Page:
you will want to clean the package, reparse the modified recipe, and the
    build again:<screen>BB&gt;&gt; clean net-snmp
BB&gt;&gt; reparse net-snmp
BB&gt;&gt; build net-snmp</screen>Note that you can use wildcards in the
    bitbake shell as well:<screen>BB&gt;&gt; build t*</screen></para>

    <para></para>
  </section>

  <section id="usage_devshell" xreflabel="devshell">
    <title>Devshell</title>

    <para>One of the areas in which OpenEmbedded helps you out is by setting
    various environment variables, such as <emphasis role="bold">CC</emphasis>
    and <emphasis role="bold">PATH</emphasis> etc, to values suitable for
    cross-compiling. If you wish to manually run configure scripts and compile
    file during development it would be nice to have all those values set for
    you. This is what devshell does - it provides you with an interactive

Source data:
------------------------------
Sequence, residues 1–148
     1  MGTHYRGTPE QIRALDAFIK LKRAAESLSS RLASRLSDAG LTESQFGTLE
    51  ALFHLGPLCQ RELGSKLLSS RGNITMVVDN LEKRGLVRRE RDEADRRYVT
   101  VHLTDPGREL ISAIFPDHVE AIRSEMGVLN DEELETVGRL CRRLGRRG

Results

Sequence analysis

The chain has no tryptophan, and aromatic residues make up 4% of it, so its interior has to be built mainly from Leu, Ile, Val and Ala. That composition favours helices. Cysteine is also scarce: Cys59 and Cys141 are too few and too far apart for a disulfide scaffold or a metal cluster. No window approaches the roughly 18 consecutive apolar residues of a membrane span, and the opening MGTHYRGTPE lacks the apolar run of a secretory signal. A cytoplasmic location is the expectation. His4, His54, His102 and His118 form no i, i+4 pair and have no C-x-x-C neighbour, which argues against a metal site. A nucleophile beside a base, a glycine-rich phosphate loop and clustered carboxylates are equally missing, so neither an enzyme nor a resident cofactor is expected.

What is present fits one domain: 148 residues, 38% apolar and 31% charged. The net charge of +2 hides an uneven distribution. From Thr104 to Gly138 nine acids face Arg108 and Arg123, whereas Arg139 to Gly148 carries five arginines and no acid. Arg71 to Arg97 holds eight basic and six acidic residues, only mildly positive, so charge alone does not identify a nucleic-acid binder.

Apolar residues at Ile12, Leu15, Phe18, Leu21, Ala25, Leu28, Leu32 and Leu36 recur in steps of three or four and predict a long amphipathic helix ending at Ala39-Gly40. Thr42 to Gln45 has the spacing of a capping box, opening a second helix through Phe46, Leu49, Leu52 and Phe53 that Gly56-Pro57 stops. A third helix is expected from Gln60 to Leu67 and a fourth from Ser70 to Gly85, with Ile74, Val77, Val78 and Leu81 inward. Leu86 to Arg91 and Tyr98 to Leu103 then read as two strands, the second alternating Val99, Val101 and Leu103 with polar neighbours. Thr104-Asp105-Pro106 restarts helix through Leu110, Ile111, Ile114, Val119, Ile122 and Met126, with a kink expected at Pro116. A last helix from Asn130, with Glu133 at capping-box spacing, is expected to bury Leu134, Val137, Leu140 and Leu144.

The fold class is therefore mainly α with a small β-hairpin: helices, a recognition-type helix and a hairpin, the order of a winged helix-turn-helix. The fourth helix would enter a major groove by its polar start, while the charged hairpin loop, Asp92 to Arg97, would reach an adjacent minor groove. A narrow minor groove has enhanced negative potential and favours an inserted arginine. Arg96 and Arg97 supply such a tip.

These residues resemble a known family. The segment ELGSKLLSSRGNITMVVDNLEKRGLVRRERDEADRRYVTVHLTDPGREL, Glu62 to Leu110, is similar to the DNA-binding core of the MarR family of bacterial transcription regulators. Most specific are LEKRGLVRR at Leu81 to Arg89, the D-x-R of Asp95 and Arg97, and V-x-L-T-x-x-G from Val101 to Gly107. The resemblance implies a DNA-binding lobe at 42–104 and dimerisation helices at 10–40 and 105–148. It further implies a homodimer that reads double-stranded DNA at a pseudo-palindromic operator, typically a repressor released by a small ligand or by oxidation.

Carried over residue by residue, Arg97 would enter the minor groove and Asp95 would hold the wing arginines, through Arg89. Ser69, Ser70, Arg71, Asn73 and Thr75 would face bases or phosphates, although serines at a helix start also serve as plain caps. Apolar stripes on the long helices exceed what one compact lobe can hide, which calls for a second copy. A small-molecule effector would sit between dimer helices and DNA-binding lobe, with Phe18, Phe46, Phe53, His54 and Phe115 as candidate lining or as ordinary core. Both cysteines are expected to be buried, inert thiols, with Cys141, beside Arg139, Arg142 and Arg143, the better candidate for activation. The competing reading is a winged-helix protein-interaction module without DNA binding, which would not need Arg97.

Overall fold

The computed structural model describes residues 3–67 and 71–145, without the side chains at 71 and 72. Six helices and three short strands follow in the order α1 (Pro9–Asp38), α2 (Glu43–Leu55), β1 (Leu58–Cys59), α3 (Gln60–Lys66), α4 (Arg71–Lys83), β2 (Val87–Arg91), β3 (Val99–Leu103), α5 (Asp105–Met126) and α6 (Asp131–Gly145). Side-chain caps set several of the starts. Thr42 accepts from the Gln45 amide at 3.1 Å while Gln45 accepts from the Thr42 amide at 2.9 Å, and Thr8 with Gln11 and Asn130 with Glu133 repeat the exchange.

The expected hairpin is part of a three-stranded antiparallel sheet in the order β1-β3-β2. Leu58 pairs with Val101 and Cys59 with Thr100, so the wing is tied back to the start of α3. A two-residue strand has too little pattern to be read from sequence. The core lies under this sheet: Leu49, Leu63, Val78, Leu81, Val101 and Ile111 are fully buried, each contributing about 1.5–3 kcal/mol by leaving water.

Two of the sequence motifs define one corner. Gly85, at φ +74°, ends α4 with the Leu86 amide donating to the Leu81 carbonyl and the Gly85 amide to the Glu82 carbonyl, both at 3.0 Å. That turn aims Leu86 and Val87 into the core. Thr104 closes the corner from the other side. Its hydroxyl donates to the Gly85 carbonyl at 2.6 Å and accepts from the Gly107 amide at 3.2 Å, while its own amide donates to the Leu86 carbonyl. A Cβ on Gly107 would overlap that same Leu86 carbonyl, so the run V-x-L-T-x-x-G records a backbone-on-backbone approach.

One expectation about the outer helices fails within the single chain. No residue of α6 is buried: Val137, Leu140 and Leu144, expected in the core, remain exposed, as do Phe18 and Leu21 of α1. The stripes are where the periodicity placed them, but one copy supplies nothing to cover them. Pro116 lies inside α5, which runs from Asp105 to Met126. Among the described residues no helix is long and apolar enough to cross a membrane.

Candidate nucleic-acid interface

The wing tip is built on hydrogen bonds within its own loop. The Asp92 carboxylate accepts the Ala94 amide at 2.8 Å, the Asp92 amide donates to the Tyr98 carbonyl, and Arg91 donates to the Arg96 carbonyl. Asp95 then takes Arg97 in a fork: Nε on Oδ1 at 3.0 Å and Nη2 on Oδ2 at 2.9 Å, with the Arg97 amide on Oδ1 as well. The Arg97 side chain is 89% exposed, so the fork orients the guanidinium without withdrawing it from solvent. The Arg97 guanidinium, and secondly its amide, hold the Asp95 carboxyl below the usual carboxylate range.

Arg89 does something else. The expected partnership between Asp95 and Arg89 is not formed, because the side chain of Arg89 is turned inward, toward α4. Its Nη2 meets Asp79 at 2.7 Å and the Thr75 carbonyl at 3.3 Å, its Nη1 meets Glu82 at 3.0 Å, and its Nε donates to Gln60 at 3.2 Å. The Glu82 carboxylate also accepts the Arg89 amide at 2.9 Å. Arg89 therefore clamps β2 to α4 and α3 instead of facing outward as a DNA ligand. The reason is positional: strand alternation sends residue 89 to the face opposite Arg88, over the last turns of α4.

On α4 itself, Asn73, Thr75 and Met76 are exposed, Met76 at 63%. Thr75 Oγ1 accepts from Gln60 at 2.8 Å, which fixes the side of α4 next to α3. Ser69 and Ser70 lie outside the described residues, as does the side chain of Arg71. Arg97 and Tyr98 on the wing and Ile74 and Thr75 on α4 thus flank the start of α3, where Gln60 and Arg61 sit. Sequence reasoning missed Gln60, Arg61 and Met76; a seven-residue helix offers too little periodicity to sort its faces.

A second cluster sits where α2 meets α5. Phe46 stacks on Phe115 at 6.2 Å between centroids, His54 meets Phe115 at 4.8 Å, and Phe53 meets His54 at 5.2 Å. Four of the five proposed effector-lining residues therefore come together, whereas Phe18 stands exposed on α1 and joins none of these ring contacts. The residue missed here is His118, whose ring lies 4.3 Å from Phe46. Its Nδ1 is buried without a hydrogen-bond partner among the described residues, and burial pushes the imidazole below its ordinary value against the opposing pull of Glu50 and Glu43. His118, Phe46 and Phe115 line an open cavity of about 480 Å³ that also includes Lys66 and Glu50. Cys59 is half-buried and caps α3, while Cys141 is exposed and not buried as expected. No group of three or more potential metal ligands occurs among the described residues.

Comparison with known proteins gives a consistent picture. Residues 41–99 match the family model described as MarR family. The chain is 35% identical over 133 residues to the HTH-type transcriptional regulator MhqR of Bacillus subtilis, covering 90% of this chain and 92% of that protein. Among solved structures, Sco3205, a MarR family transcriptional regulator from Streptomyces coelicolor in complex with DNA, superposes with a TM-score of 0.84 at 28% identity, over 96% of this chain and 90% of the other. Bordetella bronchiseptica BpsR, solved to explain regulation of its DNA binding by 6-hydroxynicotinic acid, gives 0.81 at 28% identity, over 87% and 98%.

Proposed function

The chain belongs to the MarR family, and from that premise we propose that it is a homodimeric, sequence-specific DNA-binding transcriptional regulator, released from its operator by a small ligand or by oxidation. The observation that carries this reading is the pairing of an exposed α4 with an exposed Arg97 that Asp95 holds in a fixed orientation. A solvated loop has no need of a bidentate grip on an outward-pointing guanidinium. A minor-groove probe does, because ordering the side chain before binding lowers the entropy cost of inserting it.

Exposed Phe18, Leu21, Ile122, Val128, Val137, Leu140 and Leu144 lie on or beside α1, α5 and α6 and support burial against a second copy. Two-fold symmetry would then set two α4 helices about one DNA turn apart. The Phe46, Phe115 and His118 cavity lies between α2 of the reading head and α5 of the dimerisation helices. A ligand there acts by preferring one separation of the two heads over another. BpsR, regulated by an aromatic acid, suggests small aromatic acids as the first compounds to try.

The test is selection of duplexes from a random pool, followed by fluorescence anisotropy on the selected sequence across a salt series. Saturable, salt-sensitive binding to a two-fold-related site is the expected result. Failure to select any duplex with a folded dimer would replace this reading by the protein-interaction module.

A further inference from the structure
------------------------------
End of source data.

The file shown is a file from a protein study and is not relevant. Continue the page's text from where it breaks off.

shell with all the appropriate variables set for cross-compiling.</para>

    <section>
      <title>devshell via inherit</title>

      <para>This is the newer method of obtaining a devshell and is the
      recommended way for most users now. The newer method requires that the
      devshell class be added to you configuration by inheriting it. This is
      usually done in your <emphasis role="bold">local.conf</emphasis> or your
      distributions conf file:<screen><emphasis role="bold">INHERIT +=</emphasis> "src_distribute_local insane multimachine <emphasis
            role="bold">devshell</emphasis>"</screen></para>

      <para>With the inclusion of this class you'll find that devshell is
      added as a new task that you can use on recipes:<screen>~%&gt; bitbake -b packages/lzo/lzo_1.08.bb -c listtasks
NOTE: package lzo-1.08: started
NOTE: package lzo-1.08-r14: task do_listtasks: started
<emphasis role="bold">do_devshell</emphasis>
do_fetchall
do_listtasks
do_rebuild
do_compile
do_build
do_mrproper
do_fetch
do_configure
do_clean
do_populate_staging
do_package
do_unpack
do_install
do_package_write
do_distribute_sources
do_showdata
do_qa_staging
do_qa_configure
do_patch
NOTE: package lzo-1.08-r14: task do_listtasks: completed
NOTE: package lzo-1.08: completed</screen></para>

      <para>To bring up the devshell you call bitbake on a recipe and ask it
      for the devshell task:<screen>~%&gt; ./bb -b packages/lzo/lzo_1.08.bb -c devshell